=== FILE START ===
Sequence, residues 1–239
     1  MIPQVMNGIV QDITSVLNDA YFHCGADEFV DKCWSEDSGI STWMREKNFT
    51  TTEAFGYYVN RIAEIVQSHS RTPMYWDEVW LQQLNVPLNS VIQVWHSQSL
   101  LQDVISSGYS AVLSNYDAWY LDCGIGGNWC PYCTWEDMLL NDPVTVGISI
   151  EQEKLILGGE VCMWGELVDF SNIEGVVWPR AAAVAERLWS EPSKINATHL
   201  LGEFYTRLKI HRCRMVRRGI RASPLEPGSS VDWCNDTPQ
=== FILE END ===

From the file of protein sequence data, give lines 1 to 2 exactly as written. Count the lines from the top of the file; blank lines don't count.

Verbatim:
Sequence, residues 1–239
     1  MIPQVMNGIV QDITSVLNDA YFHCGADEFV DKCWSEDSGI STWMREKNFT